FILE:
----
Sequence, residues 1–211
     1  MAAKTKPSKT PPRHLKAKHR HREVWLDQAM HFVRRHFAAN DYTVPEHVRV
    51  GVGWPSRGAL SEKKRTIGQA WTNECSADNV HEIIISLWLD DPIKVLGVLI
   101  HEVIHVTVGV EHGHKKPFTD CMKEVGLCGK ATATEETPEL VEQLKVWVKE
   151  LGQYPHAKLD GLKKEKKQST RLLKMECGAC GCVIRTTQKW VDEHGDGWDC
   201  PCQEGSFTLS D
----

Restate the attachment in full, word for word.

Sequence, residues 1–211
     1  MAAKTKPSKT PPRHLKAKHR HREVWLDQAM HFVRRHFAAN DYTVPEHVRV
    51  GVGWPSRGAL SEKKRTIGQA WTNECSADNV HEIIISLWLD DPIKVLGVLI
   101  HEVIHVTVGV EHGHKKPFTD CMKEVGLCGK ATATEETPEL VEQLKVWVKE
   151  LGQYPHAKLD GLKKEKKQST RLLKMECGAC GCVIRTTQKW VDEHGDGWDC
   201  PCQEGSFTLS D